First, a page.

Keith Gilmore, the defensive line coach in 2015 and 2016, didn’t exactly have the best luck being handed that group in his last year with the Irish. That line finished a dismal 115th in sack rate and 120th in passing down sack rate.

The turn around

While Gilmore was replaced by Elston, who switched back to the defensive line in 2017 after coaching the linebackers the previous two years, Gilmore did leave Elston a gift with the defensive ends he recruited in the 2016 cycle.

Khalid Kareem, Julian Okwara, Daelin Hayes, and Ade Ogundeji are in the running for the best defensive end class Notre Dame has ever signed. Gilmore gets extra credit for Ogundeji after evaluating him at a camp and then offering when he was seen as a low Power 5 prospect at the time. They became foundational players on the defensive line with Hayes and Ogundeji still on the roster today.

Hayes was a starter on the ‘17 team and Kareem and Okwara cracked the rotation. Even while playing a combined 275 less snaps than Jay Hayes and Trumbetti, Kareem and Okwara combined for 14 Havoc plays to 10.5 for Hayes and Trumbetti.

That defensive line only rotated three on the interior along with five ends with Elston getting them to play very well. They improved 49 spots in sack rate. That number improved nine more spots in ‘18 and were all the way up to 13th last season.

The pass rush was unrecognizable when compared with that 2016 defensive line.

Elston deserves a ton of credit for the way he has developed the line the last few years. The improvements we’ve seen from Tillery, Kareem, Okwara, Ogundeji, Daelin Hayes, and Jamir Jones under his watch have been significant. He’s also recruited and evaluated at a much higher level since moving back to working with the line.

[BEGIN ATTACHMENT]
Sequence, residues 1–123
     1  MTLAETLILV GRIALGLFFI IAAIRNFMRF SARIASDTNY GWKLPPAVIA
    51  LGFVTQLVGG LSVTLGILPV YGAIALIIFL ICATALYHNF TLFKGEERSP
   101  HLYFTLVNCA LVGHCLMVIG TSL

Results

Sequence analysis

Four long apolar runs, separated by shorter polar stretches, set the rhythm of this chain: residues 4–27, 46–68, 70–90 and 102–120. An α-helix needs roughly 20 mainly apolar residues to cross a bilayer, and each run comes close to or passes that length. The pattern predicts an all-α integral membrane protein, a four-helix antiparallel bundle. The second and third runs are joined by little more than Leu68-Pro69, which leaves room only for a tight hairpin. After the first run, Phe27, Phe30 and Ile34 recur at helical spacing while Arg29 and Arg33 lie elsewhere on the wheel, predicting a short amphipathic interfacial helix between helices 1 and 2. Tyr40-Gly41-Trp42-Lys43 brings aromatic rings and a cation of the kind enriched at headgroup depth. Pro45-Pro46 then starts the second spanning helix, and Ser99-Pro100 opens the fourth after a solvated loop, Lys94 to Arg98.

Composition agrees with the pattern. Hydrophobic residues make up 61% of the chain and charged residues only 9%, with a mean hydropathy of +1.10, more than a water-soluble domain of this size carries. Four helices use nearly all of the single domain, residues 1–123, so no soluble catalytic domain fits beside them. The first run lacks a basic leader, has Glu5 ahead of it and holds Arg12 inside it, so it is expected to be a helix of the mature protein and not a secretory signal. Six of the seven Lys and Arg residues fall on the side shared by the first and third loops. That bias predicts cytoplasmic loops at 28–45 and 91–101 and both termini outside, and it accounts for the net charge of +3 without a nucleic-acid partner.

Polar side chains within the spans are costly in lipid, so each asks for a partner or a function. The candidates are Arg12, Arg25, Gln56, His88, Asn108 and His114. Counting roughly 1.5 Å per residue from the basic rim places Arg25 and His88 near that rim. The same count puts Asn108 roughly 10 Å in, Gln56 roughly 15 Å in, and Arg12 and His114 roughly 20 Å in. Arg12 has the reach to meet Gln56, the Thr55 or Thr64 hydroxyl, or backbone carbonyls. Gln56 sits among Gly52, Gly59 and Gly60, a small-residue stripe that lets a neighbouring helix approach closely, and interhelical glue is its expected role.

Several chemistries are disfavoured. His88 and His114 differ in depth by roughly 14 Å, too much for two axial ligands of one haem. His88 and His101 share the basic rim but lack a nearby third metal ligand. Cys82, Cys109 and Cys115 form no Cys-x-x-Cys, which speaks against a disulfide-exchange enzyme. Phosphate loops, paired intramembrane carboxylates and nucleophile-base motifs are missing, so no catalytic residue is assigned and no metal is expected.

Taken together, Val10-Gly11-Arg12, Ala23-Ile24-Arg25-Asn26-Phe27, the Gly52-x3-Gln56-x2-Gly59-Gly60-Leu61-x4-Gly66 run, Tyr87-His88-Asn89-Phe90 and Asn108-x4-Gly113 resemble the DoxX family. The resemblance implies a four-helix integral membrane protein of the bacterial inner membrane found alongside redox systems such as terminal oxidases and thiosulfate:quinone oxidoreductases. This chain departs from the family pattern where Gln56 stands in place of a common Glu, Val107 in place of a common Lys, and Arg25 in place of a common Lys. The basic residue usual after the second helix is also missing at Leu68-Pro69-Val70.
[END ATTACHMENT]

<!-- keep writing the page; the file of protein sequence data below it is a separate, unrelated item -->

It starts with Myron Tagovailoa-Amosa at the end of the ‘17 cycle and continues on with being able to keep Jayson and Justin Ademilola in the fold in ‘18. Jacob Lacey (2019) already looks like a future star inside for the Irish and there are high hopes for Isaiah Foskey and Howard Cross as well (all 2019).

Notre Dame has not landed a player on the defensive line in the last three cycles that doesn’t have the potential to be a starter or a quality rotation player. That’s why they can lose Okwara, Kareem, and Jones and not be worried about a massive drop off in production and why the future looks just as bright as what we saw last fall.

A change in emphasis

The improvement on the defensive line has a lot to do with the development and evaluation, but it also has to do with the change at coordinator. It’s not so much about scheme as it is an emphasis on specific things that have made the defensive line more productive.

VanGorder was all about scheme and at times seemed like he couldn’t see the forest for the trees. Mike Elko and Clark Lea emphasized fundamental development as well as playing sound within the scheme. It’s shown on the field at all three levels.

Elston’s group has caused a lot more Havoc because it’s been a priority to do so under Elko and Lea. The defensive line caused 64.5 Havoc plays in 2018. They caused 64 Havoc plays this past season. A huge part of that Havoc was forced fumbles.

The defensive line combined for 17 of them the last two seasons. They only had 12 from 2013-2016.

The 2020 defensive line has the potential to be three deep at every spot. Much like 2019, they might have more players capable of playing in sub-packages to rush the passer than they have snaps to give out. This is the new standard for defensive line at Notre Dame and it’s how it should be every season.

Another great defensive line means they’re all set to have another great defense this season. It’s a nice problem to have when you consider that it wasn’t that long ago they lacked the talent and depth to give the defense any chance to be great.